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We previously wrote about the U.S. Department of Education’s (Department) Notice of Proposed Priorities (NPP) for discretionary grant programs. The Department offered 13 proposed priorities, specifically mentioning Open Educational Resources (OER). Essentially, if the priorities are adopted, grant seekers could receive priority if they include OER as a component of an application for funding from the Department. OER is included in Proposed Priority 13–Improving Productivity:
Projects that are designed to significantly increase efficiency in the use of time, staff, money, or other resources. Such projects may include innovative and sustainable uses of technology, modification of school schedules, use of open educational resources (as defined in this notice), or other strategies that improve results and increase productivity.
As mentioned, the NPP includes a Department definition of open educational resources:
Open educational resources (OER) means teaching, learning, and research resources that reside in the public domain or have been released under an intellectual property license that permits their free use or repurposing by others.
Comments were accepted through September 7. There are 228 public submissions listed in the docket folder at Regulations.gov (note that some of these items are essentially duplicates, as contributors who submitted comments via a document attachment were given two unique IDs if they also included an introductory note in the text field on the submission portal). There are a few submissions that commented on the OER provision of the NPP. The following is a brief breakdown of these comments, based on relevant keyword searches of the docket.
Creative Commons appreciates the inclusion of OER, and highlights the importance of public, standardized legal and technical tools for OER to be successful:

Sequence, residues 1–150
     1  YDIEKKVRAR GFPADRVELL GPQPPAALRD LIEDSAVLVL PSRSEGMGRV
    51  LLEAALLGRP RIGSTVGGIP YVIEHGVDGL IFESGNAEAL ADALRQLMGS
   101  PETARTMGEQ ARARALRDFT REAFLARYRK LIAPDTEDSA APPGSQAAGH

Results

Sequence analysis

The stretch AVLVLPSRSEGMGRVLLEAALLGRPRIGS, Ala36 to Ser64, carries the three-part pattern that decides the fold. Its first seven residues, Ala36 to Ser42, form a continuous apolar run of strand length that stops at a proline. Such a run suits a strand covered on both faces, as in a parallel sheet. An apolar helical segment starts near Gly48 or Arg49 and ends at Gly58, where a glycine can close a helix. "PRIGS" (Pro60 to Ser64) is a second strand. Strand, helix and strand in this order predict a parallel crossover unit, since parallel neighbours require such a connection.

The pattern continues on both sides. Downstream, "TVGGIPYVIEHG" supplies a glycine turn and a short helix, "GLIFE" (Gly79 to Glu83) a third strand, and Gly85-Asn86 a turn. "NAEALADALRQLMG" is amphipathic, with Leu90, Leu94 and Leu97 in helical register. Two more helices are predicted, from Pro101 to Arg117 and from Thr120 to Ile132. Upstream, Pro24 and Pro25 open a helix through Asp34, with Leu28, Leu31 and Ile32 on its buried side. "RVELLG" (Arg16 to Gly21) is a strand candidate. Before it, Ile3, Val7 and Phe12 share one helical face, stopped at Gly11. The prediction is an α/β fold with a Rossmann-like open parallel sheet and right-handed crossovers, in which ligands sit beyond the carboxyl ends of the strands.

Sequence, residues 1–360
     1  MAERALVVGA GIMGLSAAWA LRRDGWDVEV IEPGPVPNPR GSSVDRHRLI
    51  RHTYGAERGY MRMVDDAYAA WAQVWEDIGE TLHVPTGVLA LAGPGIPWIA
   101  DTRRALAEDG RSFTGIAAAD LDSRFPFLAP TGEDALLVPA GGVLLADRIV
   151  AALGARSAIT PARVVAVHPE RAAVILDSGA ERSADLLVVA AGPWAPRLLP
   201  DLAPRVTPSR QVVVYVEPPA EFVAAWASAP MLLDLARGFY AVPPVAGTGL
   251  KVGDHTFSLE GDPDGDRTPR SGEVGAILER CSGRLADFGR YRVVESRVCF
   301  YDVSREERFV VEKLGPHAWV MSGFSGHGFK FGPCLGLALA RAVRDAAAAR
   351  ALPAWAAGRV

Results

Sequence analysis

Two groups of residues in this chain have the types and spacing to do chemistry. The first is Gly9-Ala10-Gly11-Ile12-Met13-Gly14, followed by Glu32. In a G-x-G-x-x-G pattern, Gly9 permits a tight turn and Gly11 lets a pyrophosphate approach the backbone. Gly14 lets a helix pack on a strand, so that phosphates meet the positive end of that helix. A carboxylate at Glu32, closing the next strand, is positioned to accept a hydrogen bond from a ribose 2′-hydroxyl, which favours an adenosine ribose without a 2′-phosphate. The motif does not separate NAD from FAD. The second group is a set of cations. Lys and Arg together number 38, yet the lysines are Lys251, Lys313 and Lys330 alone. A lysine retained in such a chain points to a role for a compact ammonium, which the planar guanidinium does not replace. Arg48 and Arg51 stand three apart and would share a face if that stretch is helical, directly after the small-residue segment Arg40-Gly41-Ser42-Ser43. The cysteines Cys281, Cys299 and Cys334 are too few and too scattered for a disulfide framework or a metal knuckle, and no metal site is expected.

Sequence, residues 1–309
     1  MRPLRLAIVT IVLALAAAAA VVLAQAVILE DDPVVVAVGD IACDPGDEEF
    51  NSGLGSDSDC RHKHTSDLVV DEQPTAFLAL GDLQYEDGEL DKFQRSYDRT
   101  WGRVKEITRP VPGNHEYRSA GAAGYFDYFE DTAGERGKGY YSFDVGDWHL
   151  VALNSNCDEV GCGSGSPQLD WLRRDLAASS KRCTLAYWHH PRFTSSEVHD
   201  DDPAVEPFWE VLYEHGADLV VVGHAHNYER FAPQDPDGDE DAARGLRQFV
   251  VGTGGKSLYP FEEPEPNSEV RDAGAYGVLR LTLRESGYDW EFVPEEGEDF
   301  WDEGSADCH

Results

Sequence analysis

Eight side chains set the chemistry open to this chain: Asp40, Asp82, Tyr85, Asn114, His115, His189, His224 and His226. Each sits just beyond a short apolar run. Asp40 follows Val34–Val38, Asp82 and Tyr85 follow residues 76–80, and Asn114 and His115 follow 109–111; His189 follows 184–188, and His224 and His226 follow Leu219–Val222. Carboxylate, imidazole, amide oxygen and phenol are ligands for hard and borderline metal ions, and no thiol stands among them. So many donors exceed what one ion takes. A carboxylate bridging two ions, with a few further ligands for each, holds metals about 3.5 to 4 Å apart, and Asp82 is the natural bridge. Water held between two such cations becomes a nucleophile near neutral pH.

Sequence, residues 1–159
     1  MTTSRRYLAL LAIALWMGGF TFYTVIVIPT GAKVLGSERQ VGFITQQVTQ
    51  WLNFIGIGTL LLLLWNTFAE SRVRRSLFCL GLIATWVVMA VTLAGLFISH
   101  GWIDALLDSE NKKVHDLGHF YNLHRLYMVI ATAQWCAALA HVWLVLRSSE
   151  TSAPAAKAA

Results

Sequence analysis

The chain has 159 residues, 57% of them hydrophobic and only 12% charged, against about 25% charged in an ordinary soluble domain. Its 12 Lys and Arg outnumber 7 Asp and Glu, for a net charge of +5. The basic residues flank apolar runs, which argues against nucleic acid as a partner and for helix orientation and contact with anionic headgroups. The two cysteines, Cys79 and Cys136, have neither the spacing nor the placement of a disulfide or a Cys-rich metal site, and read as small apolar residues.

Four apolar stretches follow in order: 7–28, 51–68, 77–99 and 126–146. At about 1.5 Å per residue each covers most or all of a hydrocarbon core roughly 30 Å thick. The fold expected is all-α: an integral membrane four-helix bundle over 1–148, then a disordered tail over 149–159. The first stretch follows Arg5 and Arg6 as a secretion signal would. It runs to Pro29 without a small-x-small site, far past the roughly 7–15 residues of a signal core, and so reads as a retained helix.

The OER movement is poised to greatly further global access to and participation in education, but only if a critical mass of educational institutions and communities interoperate legally and technically via Creative Commons. Why is interoperability important? Because in its absence, content such as OER cannot be aggregated or mixed and then shared further in a legal or efficient manner without securing special permission from the original creators. Interoperability requires standardized, public licenses that grant rights in advance. Creative Commons licenses are the global standard for open content licensing, grant rights in advance, and are easy to understand and use. Institutions, teachers, and policymakers in all arenas should be required to implement and recommend use of CC’s tools for educational resources.
Institute for the Study of Knowledge Management in Education, International Association for K-12 Online Learning, State Educational Technology Directors Association, The Carnegie Foundation for the Advancement of Teaching, The Student PIRGs, Washington State Board for Community and Technical Colleges